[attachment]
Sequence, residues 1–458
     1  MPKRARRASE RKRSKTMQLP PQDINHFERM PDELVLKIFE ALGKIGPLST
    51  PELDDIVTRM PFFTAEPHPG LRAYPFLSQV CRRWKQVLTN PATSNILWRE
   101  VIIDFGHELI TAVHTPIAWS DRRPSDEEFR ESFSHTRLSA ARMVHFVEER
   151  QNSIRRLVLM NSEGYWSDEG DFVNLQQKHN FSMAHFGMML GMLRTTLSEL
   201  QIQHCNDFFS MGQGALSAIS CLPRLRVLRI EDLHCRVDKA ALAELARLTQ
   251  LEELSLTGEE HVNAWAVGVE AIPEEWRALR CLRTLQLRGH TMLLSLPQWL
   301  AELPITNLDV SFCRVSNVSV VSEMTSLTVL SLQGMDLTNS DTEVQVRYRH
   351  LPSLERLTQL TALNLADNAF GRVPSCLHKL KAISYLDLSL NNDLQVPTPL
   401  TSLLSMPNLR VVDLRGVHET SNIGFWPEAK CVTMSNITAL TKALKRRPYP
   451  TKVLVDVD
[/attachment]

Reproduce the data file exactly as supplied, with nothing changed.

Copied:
Sequence, residues 1–458
     1  MPKRARRASE RKRSKTMQLP PQDINHFERM PDELVLKIFE ALGKIGPLST
    51  PELDDIVTRM PFFTAEPHPG LRAYPFLSQV CRRWKQVLTN PATSNILWRE
   101  VIIDFGHELI TAVHTPIAWS DRRPSDEEFR ESFSHTRLSA ARMVHFVEER
   151  QNSIRRLVLM NSEGYWSDEG DFVNLQQKHN FSMAHFGMML GMLRTTLSEL
   201  QIQHCNDFFS MGQGALSAIS CLPRLRVLRI EDLHCRVDKA ALAELARLTQ
   251  LEELSLTGEE HVNAWAVGVE AIPEEWRALR CLRTLQLRGH TMLLSLPQWL
   301  AELPITNLDV SFCRVSNVSV VSEMTSLTVL SLQGMDLTNS DTEVQVRYRH
   351  LPSLERLTQL TALNLADNAF GRVPSCLHKL KAISYLDLSL NNDLQVPTPL
   401  TSLLSMPNLR VVDLRGVHET SNIGFWPEAK CVTMSNITAL TKALKRRPYP
   451  TKVLVDVD